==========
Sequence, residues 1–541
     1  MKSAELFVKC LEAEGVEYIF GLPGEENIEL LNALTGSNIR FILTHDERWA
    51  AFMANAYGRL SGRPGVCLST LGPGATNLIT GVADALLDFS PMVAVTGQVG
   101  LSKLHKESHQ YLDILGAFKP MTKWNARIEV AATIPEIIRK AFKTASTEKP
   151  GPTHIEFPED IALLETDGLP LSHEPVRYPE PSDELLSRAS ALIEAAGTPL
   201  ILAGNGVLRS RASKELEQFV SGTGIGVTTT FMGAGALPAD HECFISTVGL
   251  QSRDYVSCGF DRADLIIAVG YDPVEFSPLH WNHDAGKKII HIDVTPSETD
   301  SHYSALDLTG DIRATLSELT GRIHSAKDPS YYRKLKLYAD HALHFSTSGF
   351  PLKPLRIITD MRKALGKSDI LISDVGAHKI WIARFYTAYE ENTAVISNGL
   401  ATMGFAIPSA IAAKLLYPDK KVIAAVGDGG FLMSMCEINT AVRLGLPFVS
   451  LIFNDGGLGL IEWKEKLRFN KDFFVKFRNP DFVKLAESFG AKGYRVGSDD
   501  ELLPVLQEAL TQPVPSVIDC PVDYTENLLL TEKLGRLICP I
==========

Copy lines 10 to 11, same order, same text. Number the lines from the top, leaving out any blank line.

   401  ATMGFAIPSA IAAKLLYPDK KVIAAVGDGG FLMSMCEINT AVRLGLPFVS
   451  LIFNDGGLGL IEWKEKLRFN KDFFVKFRNP DFVKLAESFG AKGYRVGSDD